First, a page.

Personal Democracy Plus Our premium content network. LEARN MORE You are not logged in. LOG IN NOW >

Free the Data: The Debate Over APIs and Open Government

BY Alex Howard | Monday, March 17 2014

Photo: Jonathan Gray

As the use of application programming interfaces (APIs) catches on across government agencies, third-party developers, open government advocates, and government techies are debating whether this should become the gold standard for open data, and if so, whether such services should be free. Read More

Honolulu Mayoral Candidates Commit To Using Tech For Greater Transparency

BY Sarah Lai Stirland | Friday, August 10 2012

Hawaii's open government advocates want the city of Honolulu to not only be known for its natural abundance of sunshine, but also for sunshine into its local government processes. Read More

Seven Ideas to Reboot Government Innovation In San Francisco

BY Luke Fretwell | Thursday, January 26 2012

Luke Fretwell writes:

"There’s been a great deal of discussion lately around the topic of government innovation, especially here in San Francisco, with the appointment of a new chief innovation officer, a new “civic accelerator,” a new venture with a consortium of Bay Area technology companies and a new technology and innovation task force led by SF Mayor Ed Lee.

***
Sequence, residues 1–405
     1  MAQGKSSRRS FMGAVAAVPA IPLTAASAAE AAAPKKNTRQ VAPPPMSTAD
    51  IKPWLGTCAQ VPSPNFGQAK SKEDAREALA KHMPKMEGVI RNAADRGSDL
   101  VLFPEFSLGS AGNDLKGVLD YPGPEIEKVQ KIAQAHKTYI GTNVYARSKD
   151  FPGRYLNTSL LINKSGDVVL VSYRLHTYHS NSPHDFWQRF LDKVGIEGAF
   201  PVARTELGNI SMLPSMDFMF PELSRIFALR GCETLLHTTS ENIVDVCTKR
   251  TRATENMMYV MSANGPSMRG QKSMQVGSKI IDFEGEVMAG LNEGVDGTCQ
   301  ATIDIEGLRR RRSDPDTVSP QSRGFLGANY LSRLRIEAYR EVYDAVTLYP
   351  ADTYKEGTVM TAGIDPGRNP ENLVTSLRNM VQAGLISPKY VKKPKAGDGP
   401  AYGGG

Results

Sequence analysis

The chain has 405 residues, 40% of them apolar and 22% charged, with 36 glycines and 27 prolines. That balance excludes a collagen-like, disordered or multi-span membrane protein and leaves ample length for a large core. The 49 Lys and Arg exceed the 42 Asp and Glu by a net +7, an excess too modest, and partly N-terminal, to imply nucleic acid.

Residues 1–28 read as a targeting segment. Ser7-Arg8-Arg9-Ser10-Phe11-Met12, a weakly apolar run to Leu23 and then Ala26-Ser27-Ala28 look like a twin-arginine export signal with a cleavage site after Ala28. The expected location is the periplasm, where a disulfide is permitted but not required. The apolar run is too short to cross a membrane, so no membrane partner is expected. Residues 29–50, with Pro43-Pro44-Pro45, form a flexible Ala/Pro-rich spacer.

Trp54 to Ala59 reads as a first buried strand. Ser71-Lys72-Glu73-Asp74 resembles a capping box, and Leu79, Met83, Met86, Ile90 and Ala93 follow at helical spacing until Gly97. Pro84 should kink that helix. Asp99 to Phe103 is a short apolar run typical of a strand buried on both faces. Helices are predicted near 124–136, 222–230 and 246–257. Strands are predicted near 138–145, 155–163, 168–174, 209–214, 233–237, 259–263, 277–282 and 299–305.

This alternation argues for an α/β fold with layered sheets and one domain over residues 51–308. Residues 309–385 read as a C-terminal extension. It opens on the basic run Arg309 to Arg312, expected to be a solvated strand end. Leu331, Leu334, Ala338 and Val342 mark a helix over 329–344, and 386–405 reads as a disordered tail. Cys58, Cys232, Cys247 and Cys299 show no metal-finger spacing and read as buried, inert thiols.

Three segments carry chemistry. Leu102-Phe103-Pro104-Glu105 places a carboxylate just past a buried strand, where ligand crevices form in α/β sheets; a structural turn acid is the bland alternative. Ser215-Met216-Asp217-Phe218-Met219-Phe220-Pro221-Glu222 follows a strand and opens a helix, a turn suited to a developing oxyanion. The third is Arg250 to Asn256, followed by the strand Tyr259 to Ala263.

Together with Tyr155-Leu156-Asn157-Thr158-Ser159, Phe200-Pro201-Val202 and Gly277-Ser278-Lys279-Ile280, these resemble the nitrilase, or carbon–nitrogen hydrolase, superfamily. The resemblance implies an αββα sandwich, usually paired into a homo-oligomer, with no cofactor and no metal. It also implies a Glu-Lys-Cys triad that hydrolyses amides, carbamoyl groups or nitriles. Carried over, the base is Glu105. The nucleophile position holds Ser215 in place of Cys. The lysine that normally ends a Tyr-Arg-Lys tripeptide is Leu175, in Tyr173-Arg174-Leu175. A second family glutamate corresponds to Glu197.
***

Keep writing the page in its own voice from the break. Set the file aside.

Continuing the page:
All signs point to a bright gov 2.0 future for SF but, before we get too excited, let’s look back so we can learn how to best overcome the past two years of innovation inertia."

Read More

Technology in Politics, Crazy-Cameos-in-Campaign-Videos Edition

BY Nick Judd | Tuesday, October 25 2011

So here's this, the second absurd campaign video of the day, for San Francisco mayoral candidate and current interim mayor Ed Lee. It features cameos by Google's Marissa Meyer, Twitter co-founder Biz Stone, Giants closer ... Read More

Open Government in the White House: Dead or Alive?

BY Nick Judd | Thursday, June 23 2011

There has been much wailing and gnashing of teeth since the news broke that White House Chief Information Officer Vivek Kundra will be leaving in August. Absent Kundra's drive, goes the thinking — most recently ... Read More

Tonight, a Mayoral Debate on Open Government in San Francisco

BY Nick Judd | Thursday, June 16 2011

Thursday night in San Francisco, Lotus Development Corporation founder Mitch Kapor will moderate a discussion about open government, civic engagement, technology and innovation between some of the leading candidates for ... Read More